Meanwhile, after the comparator 57 outputs the coincidence signal, the value of first address signal AS1 becomes larger than the central address value AD2, so that the selecting signal SEL3 indicates the value "0". Accordingly, the selector 58outputs the signal from the subtractor 62, wherein this signal is the address signal (corresponding to AD1 to AD2) which is delayed by a half period of the repeating segment as compared to the first address signal AS1. Such address signal is supplied tothe second input ("0") of selector 45 via the selectors 58 and 65 as the second address signal AS2. On the other hand, the first address signal AS1 is supplied to the first input ("1") of selector 45, wherein the value of this first address signal AS1varies between the central address value AD2 and repeat end address value AD3. Therefore, the output address signal AS0 from the selector 45 takes the value which varies from AD2 to AD3 in the former half period and then varies from AD1 to AD2 in thelatter half period of the first clock signal C. Due to such output address signal AS0 supplied to the waveform memory 1, the waveform data W2.sub.2 is read out as the first series of waveform data in the former half period, while the waveform dataW2.sub.1 is read out as the second series of waveform data in the latter half period of the first clock signal C.

In the above case, the value of mixing rate control signal MIXS outputted from the mixing rate control signal generating portion 5 is decreasing from "2.sup.M -1" to "0". In contrast, the inverted mixing rate control signal MIXS outputted fromthe inverter circuit 84 is increasing from "0" to "2.sup.M -1". In addition, the latch circuit 86 latches the output of adder 85 in the latter half period of the first clock signal C. Thus, under control of the mixing circuit consisting of the delaycircuit 81, multipliers 82, 83, adder 85 and latch circuit 86, the mixing rate of waveform data W2.sub.2 as the first series of waveform data is gradually decreasing in the lapse of time, while another mixing rate of waveform data W2.sub.1 as the secondseries of waveform data is gradually increasing in the lapse of time. These waveform data W2.sub.1 and W2.sub.2 are mixed together, so that the musical tone corresponding to the mixed waveform data is generated.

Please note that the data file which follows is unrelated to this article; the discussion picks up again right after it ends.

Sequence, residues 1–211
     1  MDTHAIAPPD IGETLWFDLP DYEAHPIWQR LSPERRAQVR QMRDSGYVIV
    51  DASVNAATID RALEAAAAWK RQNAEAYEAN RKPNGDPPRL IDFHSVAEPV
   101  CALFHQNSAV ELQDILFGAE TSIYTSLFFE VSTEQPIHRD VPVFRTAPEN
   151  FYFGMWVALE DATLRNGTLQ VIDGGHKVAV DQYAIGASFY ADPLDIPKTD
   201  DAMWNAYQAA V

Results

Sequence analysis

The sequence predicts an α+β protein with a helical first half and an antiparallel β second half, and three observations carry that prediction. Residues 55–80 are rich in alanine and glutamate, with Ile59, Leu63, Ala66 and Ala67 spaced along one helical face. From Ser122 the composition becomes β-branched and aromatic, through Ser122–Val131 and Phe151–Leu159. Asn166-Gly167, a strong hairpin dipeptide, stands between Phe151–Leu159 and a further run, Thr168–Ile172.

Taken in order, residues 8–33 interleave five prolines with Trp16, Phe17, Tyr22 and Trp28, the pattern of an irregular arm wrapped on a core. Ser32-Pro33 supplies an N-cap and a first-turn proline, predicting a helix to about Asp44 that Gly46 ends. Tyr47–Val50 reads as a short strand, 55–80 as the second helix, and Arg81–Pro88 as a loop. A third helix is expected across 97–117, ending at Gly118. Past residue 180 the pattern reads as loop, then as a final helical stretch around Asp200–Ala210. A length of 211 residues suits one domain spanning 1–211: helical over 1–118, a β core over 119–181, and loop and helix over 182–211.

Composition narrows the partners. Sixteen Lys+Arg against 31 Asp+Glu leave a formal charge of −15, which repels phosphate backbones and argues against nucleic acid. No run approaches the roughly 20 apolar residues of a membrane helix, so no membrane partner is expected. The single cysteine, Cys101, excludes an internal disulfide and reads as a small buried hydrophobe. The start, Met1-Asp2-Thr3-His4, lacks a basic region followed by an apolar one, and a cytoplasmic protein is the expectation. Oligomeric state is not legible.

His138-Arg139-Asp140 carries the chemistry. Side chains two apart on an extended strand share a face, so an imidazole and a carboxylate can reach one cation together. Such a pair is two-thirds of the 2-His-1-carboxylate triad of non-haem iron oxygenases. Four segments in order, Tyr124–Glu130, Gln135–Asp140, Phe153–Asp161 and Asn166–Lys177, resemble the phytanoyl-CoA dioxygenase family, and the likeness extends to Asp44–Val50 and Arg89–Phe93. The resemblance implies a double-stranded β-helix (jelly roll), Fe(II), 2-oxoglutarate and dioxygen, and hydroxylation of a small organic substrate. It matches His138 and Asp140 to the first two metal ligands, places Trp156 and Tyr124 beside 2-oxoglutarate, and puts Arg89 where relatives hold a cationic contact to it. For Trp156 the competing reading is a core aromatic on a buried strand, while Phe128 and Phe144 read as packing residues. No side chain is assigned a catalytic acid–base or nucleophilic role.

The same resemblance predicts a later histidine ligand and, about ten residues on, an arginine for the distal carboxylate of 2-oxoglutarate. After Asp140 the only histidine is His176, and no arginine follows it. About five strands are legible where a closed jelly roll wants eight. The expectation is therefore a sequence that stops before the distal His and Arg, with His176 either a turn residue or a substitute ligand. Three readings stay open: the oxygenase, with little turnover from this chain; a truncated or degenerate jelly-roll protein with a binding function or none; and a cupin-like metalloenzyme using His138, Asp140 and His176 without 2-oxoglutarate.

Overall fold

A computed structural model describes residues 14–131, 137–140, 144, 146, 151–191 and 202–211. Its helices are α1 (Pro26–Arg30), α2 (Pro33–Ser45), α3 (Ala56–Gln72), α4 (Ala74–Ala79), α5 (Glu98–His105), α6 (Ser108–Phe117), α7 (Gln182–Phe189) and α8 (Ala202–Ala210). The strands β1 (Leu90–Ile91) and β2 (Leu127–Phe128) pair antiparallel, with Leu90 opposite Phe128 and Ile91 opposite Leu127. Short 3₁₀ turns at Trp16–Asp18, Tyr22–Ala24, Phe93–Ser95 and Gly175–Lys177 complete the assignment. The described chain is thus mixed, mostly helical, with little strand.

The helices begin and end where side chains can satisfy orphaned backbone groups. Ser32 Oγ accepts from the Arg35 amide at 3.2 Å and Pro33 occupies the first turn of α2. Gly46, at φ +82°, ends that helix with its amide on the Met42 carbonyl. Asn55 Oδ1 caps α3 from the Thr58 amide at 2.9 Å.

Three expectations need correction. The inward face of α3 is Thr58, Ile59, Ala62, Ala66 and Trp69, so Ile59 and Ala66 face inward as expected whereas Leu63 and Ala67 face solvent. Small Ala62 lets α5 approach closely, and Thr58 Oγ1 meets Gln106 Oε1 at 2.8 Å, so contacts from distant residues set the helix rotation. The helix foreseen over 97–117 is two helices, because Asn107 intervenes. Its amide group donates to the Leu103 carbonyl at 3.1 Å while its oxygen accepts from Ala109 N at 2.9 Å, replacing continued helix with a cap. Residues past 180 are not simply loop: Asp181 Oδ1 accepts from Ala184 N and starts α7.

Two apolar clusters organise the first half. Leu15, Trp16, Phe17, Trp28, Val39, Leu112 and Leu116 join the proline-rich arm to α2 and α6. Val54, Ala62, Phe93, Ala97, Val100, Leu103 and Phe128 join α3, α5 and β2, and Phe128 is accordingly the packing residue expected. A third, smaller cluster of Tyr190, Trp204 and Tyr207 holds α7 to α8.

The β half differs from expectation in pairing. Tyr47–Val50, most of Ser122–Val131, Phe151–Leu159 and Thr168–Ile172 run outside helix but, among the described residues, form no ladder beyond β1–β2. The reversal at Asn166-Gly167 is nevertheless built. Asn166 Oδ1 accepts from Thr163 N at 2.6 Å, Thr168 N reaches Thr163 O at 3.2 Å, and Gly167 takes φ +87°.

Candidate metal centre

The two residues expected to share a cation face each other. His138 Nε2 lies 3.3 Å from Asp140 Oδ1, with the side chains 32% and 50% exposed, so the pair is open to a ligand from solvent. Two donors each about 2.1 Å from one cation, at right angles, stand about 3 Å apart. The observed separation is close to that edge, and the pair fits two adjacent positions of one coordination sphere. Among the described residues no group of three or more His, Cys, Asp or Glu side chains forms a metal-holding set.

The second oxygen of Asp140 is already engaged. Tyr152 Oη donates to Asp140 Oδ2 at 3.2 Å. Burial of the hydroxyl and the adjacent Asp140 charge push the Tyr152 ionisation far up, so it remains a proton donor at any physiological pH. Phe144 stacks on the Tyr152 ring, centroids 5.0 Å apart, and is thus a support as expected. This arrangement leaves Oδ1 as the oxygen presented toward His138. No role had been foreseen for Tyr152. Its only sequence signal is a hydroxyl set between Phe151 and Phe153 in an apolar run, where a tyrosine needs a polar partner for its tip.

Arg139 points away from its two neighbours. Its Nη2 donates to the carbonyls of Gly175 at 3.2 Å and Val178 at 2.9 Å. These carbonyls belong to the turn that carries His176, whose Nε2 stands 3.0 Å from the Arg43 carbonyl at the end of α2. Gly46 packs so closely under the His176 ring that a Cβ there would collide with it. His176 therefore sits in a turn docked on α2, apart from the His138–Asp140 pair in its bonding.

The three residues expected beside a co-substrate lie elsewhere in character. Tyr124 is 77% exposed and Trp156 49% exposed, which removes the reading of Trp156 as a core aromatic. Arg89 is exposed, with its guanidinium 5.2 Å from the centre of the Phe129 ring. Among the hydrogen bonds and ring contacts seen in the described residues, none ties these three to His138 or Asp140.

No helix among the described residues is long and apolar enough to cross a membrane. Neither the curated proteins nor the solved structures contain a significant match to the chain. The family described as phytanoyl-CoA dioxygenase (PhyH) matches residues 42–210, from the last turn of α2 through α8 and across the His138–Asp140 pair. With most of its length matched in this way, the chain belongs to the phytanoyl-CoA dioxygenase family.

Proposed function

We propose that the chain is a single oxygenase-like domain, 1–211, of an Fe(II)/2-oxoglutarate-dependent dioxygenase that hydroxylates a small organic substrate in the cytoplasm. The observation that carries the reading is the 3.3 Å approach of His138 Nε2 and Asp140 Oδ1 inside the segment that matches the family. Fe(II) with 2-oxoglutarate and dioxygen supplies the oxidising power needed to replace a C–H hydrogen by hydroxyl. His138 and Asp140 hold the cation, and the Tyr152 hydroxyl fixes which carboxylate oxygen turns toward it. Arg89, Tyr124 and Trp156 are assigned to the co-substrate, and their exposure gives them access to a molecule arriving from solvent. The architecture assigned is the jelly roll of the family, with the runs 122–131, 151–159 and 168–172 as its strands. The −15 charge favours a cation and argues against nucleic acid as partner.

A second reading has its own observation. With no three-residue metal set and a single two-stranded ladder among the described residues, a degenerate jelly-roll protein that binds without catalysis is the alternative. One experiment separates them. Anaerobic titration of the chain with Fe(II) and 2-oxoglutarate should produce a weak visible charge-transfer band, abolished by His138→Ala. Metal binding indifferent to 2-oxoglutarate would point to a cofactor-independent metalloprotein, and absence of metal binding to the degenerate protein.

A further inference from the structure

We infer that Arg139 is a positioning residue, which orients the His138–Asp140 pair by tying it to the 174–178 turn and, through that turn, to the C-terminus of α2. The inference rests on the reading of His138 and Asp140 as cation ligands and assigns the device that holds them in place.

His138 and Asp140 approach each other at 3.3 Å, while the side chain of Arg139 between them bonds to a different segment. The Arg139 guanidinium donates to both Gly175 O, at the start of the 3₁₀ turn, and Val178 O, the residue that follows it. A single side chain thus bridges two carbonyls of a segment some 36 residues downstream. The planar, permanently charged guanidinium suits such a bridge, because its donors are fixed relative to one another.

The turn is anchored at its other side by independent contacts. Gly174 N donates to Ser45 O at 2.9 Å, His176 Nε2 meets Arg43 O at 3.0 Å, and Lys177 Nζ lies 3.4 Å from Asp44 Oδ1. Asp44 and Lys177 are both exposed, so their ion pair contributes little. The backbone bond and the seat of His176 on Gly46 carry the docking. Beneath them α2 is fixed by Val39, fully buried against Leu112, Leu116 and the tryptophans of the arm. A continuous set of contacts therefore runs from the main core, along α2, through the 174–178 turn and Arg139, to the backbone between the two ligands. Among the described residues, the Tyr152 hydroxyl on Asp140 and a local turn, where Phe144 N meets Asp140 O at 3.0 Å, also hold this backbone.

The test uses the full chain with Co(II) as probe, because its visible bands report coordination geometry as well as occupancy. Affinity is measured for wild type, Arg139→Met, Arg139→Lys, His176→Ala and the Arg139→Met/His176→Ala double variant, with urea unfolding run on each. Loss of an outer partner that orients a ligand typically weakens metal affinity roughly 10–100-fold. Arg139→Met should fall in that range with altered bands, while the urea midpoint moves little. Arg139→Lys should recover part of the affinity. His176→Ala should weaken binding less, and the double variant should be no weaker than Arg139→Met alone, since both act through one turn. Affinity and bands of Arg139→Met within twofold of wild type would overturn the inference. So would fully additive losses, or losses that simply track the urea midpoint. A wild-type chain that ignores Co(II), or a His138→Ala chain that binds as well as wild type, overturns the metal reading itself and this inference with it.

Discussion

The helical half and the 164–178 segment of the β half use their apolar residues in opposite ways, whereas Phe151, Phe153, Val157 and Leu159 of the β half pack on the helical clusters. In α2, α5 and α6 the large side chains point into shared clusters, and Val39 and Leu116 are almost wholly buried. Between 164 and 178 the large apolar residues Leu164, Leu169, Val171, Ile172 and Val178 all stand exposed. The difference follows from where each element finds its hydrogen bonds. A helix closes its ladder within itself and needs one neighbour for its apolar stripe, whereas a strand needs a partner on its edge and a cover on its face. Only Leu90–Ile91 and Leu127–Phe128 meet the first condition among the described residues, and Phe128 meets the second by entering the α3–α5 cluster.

Thereafter, the value of first address signal AS1 from the adder 43 becomes equal to the repeat end address data value AD3 at time T3. As a result, the comparator 46 outputs the coincidence signal again. This coincidence signal resets theaccumulator 41 via the delay circuit 48 and OR circuit 42. Therefore, as described before, the accumulator 41 outputs the relative address signal whose value is sequentially increased from "0". This relative address signal is added with the repeatstart address data AD1 from the start address memory 44, so that this relative address signal is converted to the absolute address whose value varies from AD1 to AD3. Then, such absolute address signal is supplied to the first input ("1") of selector45.

Meanwhile, this first address signal AS1 is also supplied to the comparator 57 wherein this first address signal AS1 is compared with the central address value AD2 from the adder 56. When the value of first address signal AS1 is smaller than thecentral address value AD2, the level of selecting signal SEL3 turns to "1". Therefore, the signal (AD2 to AD3) outputted from the adder 61 is supplied to the second input ("0") of selector 45 as the second address signal AS2 via the selectors 58 and 65,wherein this signal has the phase which is advanced by the phase corresponding to a half period of the repeating segment as compared to the phase of first address signal AS1. Thus, the selector 45 outputs the output address signal AS0 whose value variesfrom AD1 to AD2 in the former half period (corresponding to the first series) and then varies from AD2 to AD3 in the latter half period (corresponding to the second series) of the first clock signal C. Such output address signal AS0 is supplied to thewaveform memory 1, from which the waveform data W2.sub.1 is read as the first series of waveform data in the former half period and the waveform data W2.sub.2 is read as the second series of waveform data in the latter half period of the first clocksignal C.

At this time, the mixing rate control signal MIXS increases from "0" to "2.sup.M -1", while the inverted mixing rate control signal MIXS decreases from "2.sup.M -1" to "0". Under control of the foregoing mixing circuit, the mixing rate of thewaveform data W2.sub.1 as the first series of waveform data is gradually increased in the lapse of time, while another mixing rate of the waveform data W2.sub.2 as the second series of waveform data is gradually decreased. Then, these waveform dataW2.sub.1 and W2.sub.2 are mixed together. Therefore, the sound system 92 generates the musical tone corresponding to the mixed waveform data.

Afterwards, the value of first address signal AS1 varies between AD2 and AD3 so that it becomes larger than the central address data value AD2 at time T4. At this time, the value of selecting signal SEL3 to be supplied to the selector 58 turnsto "0". Thus, the address signal (AD1 to AD2) from the subtractor 62 is supplied to the second input ("0") of selector 45 via the selectors 58 and 65, and simultaneously, the value of mixing rate control signal MIXS turns to gradually decrease from"2.sup.M -1" to "0". As described before, under control of the foregoing mixing circuit, the mixing rate of the waveform data W2.sub.2 as the first series of waveform data is gradually decreased in the lapse of time, while another mixing rate of thewaveform data W2.sub.1 as the second series of waveform data is gradually increased in the lapse of time. Then, the sound system 92 will generate the musical tone corresponding to the mixture of these waveform data W2.sub.1 and W2.sub.2.